×

An efficient diagonal preconditioner for finite element solution of Biot’s consolidation equations. (English) Zbl 1076.74558

Summary: Finite element simulations of very large-scale soil-structure interaction problems (e.g. excavations, tunnelling, pile-rafts, etc.) typically involve the solution of a very large, ill-conditioned, and indefinite Biot system of equations. The traditional preconditioned conjugate gradient solver coupled with the standard Jacobi (SJ) preconditioner can be very inefficient for this class of problems. This paper presents a robust generalized Jacobi (GJ) preconditioner that is extremely effective for solving very large-scale Biot’s finite element equations using the symmetric quasi-minimal residual method. The GJ preconditioner can be formed, inverted, and implemented within an ‘element-by-element’ framework as readily as the SJ preconditioner. It was derived as a diagonal approximation to a theoretical form, which can be proven mathematically to possess an attractive eigenvalue clustering property. The effectiveness of the GJ preconditioner over a wide range of soil stiffness and permeability was demonstrated numerically using a simple three-dimensional footing problem. This paper casts a new perspective on the potentialities of the simple diagonal preconditioner, which has been commonly perceived as being useful only in situations where it can serve as an approximate inverse to a diagonally dominant coefficient matrix.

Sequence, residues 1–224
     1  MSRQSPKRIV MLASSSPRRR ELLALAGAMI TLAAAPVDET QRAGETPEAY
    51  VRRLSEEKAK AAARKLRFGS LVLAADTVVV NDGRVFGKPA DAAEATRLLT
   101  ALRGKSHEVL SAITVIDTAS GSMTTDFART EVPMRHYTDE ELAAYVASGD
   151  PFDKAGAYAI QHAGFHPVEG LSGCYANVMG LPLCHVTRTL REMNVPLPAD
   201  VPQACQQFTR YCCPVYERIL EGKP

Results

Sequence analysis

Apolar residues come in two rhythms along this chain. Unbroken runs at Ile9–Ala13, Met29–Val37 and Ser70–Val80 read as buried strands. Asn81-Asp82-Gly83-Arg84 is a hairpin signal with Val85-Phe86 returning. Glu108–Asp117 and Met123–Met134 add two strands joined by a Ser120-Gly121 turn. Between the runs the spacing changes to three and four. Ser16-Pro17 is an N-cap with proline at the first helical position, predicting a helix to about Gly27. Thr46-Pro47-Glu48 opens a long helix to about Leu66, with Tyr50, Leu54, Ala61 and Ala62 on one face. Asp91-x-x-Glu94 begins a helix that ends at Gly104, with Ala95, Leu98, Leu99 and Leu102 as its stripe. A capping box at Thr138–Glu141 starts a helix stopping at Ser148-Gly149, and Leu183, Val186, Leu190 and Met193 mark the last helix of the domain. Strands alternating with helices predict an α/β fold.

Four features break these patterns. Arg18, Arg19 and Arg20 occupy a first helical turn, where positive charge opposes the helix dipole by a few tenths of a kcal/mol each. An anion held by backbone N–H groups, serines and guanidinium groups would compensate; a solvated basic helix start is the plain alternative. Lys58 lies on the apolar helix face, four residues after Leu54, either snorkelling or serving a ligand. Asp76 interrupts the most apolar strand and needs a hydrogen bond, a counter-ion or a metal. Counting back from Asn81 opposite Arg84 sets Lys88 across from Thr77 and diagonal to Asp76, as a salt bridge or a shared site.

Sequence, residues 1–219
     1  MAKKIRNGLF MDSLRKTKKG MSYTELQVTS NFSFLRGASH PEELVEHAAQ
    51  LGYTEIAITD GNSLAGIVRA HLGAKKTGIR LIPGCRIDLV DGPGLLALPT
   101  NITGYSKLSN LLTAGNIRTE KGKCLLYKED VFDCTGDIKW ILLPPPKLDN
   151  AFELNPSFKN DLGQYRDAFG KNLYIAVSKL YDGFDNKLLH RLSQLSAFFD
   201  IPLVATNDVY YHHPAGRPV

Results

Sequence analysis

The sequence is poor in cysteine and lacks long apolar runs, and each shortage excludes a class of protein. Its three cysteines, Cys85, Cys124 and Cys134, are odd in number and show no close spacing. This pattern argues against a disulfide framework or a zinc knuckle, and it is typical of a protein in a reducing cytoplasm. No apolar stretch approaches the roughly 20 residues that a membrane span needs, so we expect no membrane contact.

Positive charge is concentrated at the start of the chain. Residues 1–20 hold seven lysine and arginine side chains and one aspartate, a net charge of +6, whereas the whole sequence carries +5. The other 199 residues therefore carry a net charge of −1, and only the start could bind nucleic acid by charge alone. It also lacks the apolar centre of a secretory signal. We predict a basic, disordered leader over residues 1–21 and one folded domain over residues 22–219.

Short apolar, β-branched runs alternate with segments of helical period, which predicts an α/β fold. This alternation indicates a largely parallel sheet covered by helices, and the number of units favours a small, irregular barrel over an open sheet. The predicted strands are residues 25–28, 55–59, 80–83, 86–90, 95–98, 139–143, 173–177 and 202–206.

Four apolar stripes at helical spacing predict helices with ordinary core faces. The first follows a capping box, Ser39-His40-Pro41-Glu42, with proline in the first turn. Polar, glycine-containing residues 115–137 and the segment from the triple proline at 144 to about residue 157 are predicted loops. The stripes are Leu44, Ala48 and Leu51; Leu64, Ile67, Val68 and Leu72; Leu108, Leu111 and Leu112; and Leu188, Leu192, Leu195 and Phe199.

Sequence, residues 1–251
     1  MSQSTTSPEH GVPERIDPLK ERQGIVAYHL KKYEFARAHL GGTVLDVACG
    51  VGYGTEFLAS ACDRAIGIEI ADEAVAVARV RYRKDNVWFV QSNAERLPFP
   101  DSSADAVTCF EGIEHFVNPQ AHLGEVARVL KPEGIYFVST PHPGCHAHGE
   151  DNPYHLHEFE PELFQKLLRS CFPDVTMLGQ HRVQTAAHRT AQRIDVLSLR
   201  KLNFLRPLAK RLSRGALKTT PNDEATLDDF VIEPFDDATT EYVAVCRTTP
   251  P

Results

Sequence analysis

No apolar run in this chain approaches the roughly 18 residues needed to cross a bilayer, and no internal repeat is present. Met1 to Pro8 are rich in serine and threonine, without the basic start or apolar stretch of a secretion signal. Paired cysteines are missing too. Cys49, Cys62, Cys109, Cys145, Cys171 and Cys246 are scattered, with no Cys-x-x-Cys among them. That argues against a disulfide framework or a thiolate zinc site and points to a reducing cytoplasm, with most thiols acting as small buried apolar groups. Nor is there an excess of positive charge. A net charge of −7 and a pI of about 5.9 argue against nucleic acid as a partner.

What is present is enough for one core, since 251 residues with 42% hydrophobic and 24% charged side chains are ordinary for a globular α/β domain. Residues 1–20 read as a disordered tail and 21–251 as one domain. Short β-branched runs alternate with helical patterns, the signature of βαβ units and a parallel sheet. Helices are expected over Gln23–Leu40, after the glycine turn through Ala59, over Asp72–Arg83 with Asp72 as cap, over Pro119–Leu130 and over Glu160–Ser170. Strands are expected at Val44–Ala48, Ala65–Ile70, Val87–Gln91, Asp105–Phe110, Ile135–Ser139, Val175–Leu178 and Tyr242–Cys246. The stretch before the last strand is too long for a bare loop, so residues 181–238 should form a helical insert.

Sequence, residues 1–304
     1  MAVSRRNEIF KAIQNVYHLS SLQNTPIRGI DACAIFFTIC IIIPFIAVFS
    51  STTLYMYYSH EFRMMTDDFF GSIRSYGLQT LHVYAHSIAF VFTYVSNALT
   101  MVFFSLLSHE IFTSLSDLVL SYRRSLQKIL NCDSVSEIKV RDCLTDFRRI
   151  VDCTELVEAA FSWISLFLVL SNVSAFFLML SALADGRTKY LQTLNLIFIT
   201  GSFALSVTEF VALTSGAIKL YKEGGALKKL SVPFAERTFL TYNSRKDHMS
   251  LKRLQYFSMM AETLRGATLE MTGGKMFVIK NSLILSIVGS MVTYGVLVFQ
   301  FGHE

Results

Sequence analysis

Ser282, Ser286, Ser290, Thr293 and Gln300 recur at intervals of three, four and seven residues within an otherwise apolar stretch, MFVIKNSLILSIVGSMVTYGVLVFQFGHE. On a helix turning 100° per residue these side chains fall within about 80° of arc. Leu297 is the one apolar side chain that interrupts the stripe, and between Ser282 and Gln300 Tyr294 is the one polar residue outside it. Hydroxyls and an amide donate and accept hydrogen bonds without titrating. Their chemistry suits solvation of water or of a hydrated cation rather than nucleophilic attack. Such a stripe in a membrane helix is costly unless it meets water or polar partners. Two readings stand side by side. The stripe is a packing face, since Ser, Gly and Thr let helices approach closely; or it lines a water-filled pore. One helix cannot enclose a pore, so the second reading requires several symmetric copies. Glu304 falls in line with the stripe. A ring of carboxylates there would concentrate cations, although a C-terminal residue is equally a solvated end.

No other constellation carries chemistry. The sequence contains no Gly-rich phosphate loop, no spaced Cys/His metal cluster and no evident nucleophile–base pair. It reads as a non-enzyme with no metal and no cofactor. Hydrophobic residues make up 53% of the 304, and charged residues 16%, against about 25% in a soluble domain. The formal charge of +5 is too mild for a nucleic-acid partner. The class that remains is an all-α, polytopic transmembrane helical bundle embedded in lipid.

MSC:

74S05 Finite element methods applied to problems in solid mechanics
74F10 Fluid-solid interactions (including aero- and hydro-elasticity, porosity, etc.)
76S05 Flows in porous media; filtration; seepage
74L10 Soil and rock mechanics

Software:

KELLEY
PDF BibTeX XML Cite
Full Text: DOI

References:

[1] Biot, Journal of Applied Physics 12 pp 155– (1941)
[2] The Finite Element Method in the Static and Dynamic Deformation and Consolidation of Porous Media (2nd edn). Wiley: New York, 1998. · Zbl 0935.74004
[3] Lewis, International Journal for Numerical Methods in Engineering 27 pp 195– (1989)
[4] Lewis, International Journal for Numerical and Analytical Methods in Geomechanics 13 pp 1– (1989)
[5] Three-dimensional analysis of deep excavation in soft clay. Proceedings of the 11th African Regional Conference on Soil Mechanics and Foundation Engineering, Cairo, Egypt, 1995; 519-533.
[6] Three dimensional finite element analysis of pile groups and piled-rafts. Ph.D. Thesis, University of Manchester, 1996.
[7] Three-dimensional analysis of twin tunnels. In Proceedings of the Eighth KKNN Seminar on Civil Engineering, National University of Singapore, Kent Ridge, Singapore, (eds), 30th November and 1st December 1998; 452-457.
[8] Three dimensional analysis of building settlement caused by shaft construction. In Proceedings of the International Symposium on Geotechnical Aspects of Underground Construction in Soft Ground-IS-Tokyo’99, Tokyo, Japan, (eds), 19-21 July 1999. A.A. Balkema: Rotterdam, Brookfield, 2000; 607-612.
[9] Mroueh, International Journal for Numerical and Analytical Methods in Geomechanics 23 pp 1961– (1999)